Suppose we're studying the time it takes for a certain industrial process to complete. A recent study, which measured the time it took to complete 51 processes, gave a mean time of 2.396 minutes with standard deviation of 1.967 minutes. From past studies it has been observed that the standard deviation of the time it takes for the process to complete is 2.1 minutes. Calculate a confidence interval of 98% for the standard deviation of the time it takes to complete the process.

I don't understand why would they give me the value of the standard deviation of past processes, if I already have a value for ${s}^{2}$ (namely 1.967). By the way, I build the confidence interval by using the fact that $(n-1){S}^{2}/{\sigma}^{2}$ follows a Chi squared distribution and then calculating the probability of ${\sigma}^{2}$ being between the inferior and superior limits of the ${\chi}^{2}$ distribution for which the area under the curve is equal to (1−0.98)/2. I do not know why is that past value there if the interval can be calculated using only the first value.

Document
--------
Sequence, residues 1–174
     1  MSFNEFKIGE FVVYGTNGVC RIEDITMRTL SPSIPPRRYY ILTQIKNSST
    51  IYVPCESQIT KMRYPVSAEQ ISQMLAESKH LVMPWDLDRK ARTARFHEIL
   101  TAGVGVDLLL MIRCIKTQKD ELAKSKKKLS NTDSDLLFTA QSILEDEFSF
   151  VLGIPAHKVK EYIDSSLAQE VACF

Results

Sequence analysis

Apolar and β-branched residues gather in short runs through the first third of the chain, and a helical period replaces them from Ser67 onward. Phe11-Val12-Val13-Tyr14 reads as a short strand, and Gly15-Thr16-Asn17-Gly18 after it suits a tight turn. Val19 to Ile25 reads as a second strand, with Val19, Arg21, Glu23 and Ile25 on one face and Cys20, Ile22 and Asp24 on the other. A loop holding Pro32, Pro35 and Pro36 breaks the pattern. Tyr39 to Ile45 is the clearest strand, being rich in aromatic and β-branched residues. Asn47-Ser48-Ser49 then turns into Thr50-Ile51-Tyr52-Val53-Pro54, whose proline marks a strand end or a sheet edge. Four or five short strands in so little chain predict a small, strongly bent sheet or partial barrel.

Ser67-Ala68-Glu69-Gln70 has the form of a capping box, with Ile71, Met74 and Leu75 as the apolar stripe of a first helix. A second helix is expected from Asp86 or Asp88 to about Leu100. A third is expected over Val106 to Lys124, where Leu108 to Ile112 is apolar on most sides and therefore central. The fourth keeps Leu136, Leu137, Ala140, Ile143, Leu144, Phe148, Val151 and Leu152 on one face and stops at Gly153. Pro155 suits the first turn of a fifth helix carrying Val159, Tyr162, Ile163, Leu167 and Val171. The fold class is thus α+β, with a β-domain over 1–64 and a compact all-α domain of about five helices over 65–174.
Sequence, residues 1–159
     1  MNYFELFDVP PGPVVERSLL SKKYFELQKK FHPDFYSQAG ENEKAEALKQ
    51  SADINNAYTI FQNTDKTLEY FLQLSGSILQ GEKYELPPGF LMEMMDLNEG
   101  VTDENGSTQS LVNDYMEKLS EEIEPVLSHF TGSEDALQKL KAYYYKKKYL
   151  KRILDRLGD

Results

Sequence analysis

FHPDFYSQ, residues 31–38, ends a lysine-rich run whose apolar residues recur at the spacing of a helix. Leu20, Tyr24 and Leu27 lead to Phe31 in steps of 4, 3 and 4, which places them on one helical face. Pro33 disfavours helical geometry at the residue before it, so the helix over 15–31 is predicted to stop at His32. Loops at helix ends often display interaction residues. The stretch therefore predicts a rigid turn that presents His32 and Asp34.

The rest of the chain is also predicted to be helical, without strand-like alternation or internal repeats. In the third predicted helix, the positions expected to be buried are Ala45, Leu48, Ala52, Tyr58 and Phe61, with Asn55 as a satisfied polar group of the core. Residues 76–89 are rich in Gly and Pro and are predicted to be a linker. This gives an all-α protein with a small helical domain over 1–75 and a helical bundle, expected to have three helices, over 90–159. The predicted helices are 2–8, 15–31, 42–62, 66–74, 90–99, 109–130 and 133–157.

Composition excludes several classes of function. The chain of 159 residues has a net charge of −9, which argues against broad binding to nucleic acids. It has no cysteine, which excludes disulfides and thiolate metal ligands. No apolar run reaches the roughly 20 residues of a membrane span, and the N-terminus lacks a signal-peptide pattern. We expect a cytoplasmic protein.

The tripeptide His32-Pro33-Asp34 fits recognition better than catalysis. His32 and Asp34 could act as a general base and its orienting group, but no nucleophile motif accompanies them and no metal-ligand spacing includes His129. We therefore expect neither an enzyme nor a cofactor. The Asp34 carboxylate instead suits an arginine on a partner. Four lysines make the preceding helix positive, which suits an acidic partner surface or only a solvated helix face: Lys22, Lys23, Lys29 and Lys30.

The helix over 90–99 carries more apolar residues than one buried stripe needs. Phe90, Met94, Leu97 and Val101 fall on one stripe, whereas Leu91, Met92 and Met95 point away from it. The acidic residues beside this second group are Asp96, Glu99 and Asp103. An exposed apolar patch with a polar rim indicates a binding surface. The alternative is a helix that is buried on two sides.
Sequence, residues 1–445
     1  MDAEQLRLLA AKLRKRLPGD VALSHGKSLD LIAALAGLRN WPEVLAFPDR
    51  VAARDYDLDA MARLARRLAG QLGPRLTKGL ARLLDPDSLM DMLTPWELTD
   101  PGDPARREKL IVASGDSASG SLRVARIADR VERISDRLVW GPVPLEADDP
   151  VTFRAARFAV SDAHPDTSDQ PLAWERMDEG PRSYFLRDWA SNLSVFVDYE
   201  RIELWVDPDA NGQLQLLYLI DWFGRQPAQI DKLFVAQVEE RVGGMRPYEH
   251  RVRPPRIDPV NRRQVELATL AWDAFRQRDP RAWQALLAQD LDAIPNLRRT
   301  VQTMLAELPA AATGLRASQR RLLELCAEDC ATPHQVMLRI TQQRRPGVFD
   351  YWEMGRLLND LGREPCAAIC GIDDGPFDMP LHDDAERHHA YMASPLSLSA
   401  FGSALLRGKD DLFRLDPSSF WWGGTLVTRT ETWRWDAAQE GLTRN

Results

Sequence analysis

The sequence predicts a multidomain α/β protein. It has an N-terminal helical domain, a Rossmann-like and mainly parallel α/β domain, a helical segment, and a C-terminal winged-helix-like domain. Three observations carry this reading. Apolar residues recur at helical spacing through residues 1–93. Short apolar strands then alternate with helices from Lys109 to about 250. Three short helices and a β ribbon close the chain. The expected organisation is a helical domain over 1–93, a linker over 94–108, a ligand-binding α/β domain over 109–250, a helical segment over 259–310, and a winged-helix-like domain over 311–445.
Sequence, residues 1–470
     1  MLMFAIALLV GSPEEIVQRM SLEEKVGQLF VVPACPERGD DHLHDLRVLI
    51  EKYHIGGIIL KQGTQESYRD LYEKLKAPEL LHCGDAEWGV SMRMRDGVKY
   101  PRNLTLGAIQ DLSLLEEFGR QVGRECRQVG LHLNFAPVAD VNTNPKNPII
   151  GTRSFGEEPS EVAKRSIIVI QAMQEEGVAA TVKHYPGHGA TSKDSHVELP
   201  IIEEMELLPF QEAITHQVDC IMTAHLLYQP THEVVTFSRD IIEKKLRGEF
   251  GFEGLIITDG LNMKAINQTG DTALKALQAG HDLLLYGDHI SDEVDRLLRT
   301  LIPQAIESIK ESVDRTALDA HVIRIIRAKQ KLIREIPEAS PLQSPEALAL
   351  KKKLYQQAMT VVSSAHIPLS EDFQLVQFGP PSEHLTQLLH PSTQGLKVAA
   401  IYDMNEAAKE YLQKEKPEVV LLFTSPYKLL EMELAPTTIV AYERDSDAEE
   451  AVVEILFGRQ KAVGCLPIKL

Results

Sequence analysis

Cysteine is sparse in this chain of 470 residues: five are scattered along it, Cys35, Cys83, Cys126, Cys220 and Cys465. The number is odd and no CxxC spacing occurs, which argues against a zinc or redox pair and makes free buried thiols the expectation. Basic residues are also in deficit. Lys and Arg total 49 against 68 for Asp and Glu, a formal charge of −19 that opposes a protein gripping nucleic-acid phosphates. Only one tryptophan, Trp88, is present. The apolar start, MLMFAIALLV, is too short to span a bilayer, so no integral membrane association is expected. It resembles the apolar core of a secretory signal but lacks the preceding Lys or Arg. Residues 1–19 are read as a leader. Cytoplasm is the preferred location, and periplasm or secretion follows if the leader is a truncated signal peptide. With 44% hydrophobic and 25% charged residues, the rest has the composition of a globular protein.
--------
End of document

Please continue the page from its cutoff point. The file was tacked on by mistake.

I remember that in class, the professor said that ${S}_{p}^{2}$ is the single best estimator of the variance of a single population in terms of the variance of another population, though I didn't understand that. I suspect I can use the pooled variance in order to calculate a more accurate confidence interval taking in account both values of the standard deviation that they give me?

And in general, what sense does it make to calculate the confidence interval for a variable whose value I already know?